Genesis 45:23
And to his father he sent after this manner; ten asses laden with the good things of Egypt, and ten she asses laden with corn and bread and meat for his father by the way.
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(23) Meat.—Heb., food, victual, the usual meaning of meat in our version.

45:16-24 Pharaoh was kind to Joseph, and to his relations for his sake. Egypt would make up the losses of their removal. Thus those for whom Christ intends his heavenly glory, ought not to regard the things of this world. The best of its enjoyments are but lumber; we cannot make sure of them while here, much less can we carry them away with us. Let us not set our eyes or hearts upon the world; there are better things for us in that blessed land, whither Christ, our Joseph, is gone to prepare a place. Joseph dismissed his brethren with a seasonable caution, See that ye fall not out by the way. He knew they were too apt to be quarrelsome; and having forgiven them all, he lays this charge upon them, not to upbraid one another. This command our Lord Jesus has given to us, that we love one another, and that whatever happens, or has happened, we fall not out. For we are brethren, we have all one Father. We are all guilty, and instead of quarrelling with one another, have reason to fall out with ourselves. We are, or hope to be, forgiven of God, whom we have all offended, and, therefore, should be ready to forgive one another. We are by the way, a way through the land of Egypt, where we have many eyes upon us, that seek advantage against us; a way that leads to the heavenly Canaan, where we hope to be for ever in perfect peace.The brothers joyfully accept the hospitable invitation of Pharaoh, and set about the necessary arrangements for their journey. "The sons of Israel;" including Joseph, who had his own part to perform in the proposed arrangement. "At the mouth of Pharaoh;" as he had authorized him to do. "Changes of raiment;" fine raiment for change on a high or happy day. To Benjamin he gives special marks of fraternal affection, which no longer excite any jealous feeling among the brothers, as the reasonableness of them is obvious. "Fall out." The original word means to be stirred by any passion, whether fear or anger, and interpreters explain it as they conceive the circumstances and the context require. The English version corresponds with the Septuagint ὀργίζεσθε orgizesthe and with Onkelos. It refers, perhaps, to the little flashes of heat, impatience, and contention that are accustomed to disturb the harmony of companions in the East, who behave sometimes like overgrown children. Such ebullitions often lead to disastrous consequences. Joseph's exile arose from petty jealousies among brethren.23. to his father he sent—a supply of everything that could contribute to his support and comfort—the large and liberal scale on which that supply was given being intended, like the five messes of Benjamin, as a token of his filial love [see on [11]Ge 43:34]. After this manner; Heb. according to this. What? Either what went before, changes of raiment, or what follows, ten asses, & c.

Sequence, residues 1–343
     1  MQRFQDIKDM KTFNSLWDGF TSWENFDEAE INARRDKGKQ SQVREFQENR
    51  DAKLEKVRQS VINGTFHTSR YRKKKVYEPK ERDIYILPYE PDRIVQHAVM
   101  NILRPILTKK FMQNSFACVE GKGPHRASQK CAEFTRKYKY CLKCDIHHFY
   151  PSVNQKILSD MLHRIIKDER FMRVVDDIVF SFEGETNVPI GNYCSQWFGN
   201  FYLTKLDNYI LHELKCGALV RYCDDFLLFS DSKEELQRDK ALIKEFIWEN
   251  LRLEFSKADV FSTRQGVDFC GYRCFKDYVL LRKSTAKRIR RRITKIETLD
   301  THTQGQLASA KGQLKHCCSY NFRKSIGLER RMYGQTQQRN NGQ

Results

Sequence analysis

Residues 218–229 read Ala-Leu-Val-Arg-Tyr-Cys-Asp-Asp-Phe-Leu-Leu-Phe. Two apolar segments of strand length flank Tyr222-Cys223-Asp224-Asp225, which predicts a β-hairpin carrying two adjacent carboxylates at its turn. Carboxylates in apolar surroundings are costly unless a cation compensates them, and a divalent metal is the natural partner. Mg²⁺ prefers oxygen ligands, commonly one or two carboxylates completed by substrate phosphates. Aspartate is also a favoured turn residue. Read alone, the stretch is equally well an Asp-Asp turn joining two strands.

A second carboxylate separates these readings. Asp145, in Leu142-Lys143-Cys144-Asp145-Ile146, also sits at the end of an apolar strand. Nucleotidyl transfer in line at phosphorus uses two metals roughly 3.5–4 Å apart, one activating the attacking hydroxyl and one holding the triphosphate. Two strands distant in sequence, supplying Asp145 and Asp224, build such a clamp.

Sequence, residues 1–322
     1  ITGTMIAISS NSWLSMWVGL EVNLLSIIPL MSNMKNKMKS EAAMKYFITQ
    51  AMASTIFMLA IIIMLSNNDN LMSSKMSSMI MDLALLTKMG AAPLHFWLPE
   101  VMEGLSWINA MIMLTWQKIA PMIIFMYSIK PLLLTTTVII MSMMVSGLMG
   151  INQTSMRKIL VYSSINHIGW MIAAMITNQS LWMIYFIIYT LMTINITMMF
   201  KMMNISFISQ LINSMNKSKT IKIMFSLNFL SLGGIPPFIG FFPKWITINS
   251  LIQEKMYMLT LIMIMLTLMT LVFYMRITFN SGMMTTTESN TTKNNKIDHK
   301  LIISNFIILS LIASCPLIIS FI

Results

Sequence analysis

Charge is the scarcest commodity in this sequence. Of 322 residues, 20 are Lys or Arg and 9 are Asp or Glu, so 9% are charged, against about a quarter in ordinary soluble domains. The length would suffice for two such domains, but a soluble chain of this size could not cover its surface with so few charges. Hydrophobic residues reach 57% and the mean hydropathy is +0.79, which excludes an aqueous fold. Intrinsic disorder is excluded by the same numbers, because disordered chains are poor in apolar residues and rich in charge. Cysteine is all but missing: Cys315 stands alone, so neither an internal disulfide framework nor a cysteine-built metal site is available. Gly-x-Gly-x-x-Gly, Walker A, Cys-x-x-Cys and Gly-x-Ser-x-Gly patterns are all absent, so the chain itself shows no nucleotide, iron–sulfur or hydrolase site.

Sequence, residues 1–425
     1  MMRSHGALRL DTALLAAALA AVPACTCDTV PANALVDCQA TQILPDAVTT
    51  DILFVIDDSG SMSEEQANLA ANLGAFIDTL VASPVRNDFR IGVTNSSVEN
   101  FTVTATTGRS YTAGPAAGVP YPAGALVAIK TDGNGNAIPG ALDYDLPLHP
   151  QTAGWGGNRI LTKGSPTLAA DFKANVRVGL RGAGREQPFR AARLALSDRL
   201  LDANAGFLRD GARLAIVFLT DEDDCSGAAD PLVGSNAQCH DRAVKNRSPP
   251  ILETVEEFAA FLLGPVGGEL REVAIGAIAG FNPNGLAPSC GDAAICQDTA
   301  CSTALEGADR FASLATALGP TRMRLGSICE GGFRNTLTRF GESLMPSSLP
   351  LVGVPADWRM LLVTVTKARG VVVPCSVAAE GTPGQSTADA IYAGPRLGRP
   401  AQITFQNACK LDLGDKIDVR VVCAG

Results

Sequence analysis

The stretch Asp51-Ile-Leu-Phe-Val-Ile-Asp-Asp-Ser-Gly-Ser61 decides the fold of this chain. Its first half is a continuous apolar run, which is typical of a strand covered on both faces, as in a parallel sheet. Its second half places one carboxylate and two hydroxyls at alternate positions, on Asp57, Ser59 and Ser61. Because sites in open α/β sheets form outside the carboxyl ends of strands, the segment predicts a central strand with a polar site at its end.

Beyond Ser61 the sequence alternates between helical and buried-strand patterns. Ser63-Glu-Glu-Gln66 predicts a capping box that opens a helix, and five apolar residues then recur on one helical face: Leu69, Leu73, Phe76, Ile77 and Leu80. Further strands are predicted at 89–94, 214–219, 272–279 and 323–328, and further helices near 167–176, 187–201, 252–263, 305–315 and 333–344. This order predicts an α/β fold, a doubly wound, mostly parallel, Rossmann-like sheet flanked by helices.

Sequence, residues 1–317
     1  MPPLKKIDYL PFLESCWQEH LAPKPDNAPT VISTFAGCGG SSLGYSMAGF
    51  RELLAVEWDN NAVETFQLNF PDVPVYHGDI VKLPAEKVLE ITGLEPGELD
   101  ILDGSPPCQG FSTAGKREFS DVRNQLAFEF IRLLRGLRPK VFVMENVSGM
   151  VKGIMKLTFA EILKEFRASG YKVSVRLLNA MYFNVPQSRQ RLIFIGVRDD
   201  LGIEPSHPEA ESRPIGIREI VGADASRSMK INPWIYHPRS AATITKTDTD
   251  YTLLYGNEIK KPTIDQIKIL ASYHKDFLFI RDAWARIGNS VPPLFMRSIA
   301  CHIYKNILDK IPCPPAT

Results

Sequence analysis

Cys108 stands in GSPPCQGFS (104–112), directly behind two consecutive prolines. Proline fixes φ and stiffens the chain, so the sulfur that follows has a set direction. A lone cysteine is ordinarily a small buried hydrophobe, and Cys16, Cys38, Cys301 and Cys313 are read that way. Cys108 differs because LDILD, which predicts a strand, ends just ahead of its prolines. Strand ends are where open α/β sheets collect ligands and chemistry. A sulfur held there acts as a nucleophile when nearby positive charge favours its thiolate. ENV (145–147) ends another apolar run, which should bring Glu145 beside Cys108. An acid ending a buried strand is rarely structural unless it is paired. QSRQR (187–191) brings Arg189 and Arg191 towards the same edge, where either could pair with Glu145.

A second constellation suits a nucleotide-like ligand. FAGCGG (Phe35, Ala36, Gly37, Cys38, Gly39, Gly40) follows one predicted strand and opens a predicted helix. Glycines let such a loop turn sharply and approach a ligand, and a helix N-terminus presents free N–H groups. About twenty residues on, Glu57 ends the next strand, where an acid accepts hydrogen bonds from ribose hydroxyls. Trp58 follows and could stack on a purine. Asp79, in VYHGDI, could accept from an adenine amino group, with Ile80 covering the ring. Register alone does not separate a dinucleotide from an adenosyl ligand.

Or, contend, one with another, each vindicating himself, and laying the blame upon his brother. And to his father he sent after this manner,.... Or "according to" this (l); either in like manner, as he gave his brethren change of raiment, &c. so he sent the like to him, as Aben Ezra and Ben Melech interpret it, referring it to what goes before; or rather as Jarchi, according to this account or number, even which follows: namely:

ten asses laden with the good things of Egypt: the best things the land afforded; the Targum of Jonathan says with wine, but that Egypt did not abound with; and so Jarchi, out of the Talmud, observes, that it was old wine that was sent, such as is agreeable to ancient men:

and ten she asses laden with corn; not made up into bread, next mentioned, and so distinguished from it:

and bread: ready made and baked:

and meat for his father by the way; food and fruit of various sorts; Aben Ezra reckons many, peas, beans, lentils, millet, fetches, figs, currants, and dates.

(l) "sicut hoc", Pagninus, Montanus; "in hunc modum", Tigurine version.

And to his father he sent after this manner; ten asses laden with the good things of Egypt, and ten she asses laden with corn and bread and meat for his father by the way.
Verse 23. - And to his father he sent after this manner; ten asses (vide Genesis 12:16) laden with (literally, carrying) the good things of Egypt, and ten she asses laden with (or carrying) corn and bread and meat - probably prepared meats, some sort of delicacy (Clarke) - for his father by the way. Invitation to Jacob to Come into Egypt. - Genesis 45:16. The report of the arrival of Joseph's brethren soon found it sway into the palace, and made so favourable an impression upon Pharaoh and his courtiers, that the king sent a message through Joseph to his brethren to come with their father and their families ("your houses") into Egypt, saying that he would give them "the good of the land of Egypt," and they should eat "the fat of the land." טוּב, "the good," is not the best part, but the good things (produce) of the land, as in Genesis 45:20, Genesis 45:23, Genesis 24:10; 2 Kings 8:9. חלב, fat, i.e., the finest productions.
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